Workers’ compensation is different than occupational medicine, which we examined in Part 1. Occupational medicine is preventative and workers’ comp is injury related. Workers’ compensation is the piece of medicine to determine the relationship to the said injury and correlating job duties and other information to substantiate the injury and presentation.

Workers’ compensation visits also require solid documentation on the injury, causes, location and other contributing factors that would indicate the facts around the presentation and injury claim. Follow up and other referring services are common with a work compensation presentation. Workers’ compensation encounters are billed on a HCFA-1500 to an “insurance or payer” for reimbursement and are usually tied to a fee schedule provided as part of a credentialing and contracting process with the employer. It is not uncommon for an employer to send an employee that was just injured in to be seen, and request a post-accident UDS, in conjunction with the encounter for the injury. This is common practice, and part of the system in place to keep a drug-free work place.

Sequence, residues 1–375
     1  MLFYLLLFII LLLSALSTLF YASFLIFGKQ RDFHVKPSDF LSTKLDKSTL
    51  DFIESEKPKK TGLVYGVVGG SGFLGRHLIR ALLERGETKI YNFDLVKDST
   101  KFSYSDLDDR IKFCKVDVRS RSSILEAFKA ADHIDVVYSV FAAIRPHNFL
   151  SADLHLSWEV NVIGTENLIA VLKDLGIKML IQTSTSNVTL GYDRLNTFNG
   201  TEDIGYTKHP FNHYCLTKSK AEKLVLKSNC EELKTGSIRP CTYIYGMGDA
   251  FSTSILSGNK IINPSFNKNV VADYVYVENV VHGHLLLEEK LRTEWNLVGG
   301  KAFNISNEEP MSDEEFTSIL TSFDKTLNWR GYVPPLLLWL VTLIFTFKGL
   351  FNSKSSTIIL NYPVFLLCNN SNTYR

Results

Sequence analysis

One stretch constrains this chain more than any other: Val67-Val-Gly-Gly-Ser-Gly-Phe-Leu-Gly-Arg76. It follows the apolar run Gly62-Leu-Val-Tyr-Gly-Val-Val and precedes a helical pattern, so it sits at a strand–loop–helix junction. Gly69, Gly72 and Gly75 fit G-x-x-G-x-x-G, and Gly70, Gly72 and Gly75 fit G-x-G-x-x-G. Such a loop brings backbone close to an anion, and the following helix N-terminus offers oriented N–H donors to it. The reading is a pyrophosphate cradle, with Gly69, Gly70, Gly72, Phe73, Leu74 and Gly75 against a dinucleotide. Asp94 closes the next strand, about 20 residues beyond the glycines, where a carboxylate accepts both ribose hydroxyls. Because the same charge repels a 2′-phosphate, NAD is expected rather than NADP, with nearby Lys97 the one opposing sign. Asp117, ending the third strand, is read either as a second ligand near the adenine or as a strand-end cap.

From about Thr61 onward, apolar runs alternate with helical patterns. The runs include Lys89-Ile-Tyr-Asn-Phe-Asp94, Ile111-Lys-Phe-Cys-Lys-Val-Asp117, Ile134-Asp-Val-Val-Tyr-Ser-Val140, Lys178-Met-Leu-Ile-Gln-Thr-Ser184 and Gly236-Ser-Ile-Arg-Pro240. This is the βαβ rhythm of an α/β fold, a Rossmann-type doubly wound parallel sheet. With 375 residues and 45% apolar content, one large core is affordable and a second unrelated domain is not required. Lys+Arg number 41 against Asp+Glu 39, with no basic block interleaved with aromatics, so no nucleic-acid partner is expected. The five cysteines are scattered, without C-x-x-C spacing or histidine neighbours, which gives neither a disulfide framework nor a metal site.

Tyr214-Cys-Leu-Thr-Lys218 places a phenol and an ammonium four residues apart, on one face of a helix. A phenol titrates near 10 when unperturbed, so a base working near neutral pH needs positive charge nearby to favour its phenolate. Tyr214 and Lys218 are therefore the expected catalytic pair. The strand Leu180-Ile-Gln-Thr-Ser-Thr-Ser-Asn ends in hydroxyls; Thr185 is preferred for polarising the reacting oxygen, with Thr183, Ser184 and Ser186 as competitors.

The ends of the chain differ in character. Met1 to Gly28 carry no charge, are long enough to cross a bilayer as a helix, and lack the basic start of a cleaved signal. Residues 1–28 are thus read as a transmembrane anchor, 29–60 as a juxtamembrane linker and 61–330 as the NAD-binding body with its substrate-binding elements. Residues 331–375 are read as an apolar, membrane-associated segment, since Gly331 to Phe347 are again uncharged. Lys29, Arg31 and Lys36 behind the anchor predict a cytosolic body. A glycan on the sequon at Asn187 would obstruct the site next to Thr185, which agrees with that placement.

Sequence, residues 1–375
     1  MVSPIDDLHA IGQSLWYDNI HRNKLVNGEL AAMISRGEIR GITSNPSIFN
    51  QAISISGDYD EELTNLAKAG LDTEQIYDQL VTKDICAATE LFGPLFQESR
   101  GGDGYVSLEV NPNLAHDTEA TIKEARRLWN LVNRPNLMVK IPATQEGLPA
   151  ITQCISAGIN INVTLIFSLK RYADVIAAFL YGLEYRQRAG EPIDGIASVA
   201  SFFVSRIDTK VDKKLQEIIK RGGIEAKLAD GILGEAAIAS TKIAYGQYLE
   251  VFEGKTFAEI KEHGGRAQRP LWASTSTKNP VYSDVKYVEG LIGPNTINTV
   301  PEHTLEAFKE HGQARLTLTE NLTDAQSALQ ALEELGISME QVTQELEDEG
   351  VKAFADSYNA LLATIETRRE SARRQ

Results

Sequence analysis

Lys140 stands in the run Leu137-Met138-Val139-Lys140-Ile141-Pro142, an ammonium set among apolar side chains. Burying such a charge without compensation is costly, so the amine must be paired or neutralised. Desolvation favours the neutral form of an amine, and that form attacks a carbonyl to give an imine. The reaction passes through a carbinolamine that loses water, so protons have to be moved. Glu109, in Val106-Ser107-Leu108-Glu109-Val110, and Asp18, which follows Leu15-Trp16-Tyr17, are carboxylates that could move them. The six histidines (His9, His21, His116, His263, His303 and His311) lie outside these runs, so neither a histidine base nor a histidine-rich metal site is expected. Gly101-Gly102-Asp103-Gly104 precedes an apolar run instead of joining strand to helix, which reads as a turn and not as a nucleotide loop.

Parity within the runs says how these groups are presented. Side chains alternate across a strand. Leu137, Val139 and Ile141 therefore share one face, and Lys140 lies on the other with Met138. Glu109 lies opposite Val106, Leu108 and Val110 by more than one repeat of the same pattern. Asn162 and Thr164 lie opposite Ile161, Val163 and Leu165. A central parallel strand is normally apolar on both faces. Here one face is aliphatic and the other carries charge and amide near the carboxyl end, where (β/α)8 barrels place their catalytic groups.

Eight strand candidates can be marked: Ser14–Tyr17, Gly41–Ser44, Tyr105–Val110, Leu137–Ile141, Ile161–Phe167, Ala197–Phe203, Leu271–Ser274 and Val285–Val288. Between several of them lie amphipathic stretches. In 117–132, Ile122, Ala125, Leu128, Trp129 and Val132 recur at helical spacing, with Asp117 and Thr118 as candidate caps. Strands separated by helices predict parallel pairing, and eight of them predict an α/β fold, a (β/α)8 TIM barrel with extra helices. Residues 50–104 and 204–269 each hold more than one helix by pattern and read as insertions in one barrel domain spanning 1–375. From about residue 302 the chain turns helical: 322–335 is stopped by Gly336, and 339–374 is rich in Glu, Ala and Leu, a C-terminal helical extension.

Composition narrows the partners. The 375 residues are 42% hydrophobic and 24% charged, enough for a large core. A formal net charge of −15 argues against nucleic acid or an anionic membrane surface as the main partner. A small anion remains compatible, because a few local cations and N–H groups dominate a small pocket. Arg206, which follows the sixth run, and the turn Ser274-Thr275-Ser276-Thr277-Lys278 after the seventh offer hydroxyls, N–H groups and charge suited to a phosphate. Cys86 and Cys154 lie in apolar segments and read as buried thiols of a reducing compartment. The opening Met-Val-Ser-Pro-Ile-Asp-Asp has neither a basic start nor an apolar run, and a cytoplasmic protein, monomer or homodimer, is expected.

Providing quality occupational medicine and workers’ compensation services are of the utmost importance. This includes the patient, employer and your clinic. Employers and patients can end up being your best reference in the urgent care return patient visit. This is true of your work injury presentations too. By providing quality medicine, excellent follow up, and delivering a quality clinical standard for each work injury, both the patient and the employee will seek services with you again, when it is not work related.

However the two, both separate in nature, somehow coincide in the middle as co-jointed services. Both serve a distinct purpose in urgent care services and can be an excellent way to market your quality services—and care!

This resource was first published prior to the 2019 merger between DocuTAP and Practice Velocity. The content reflects our legacy brands.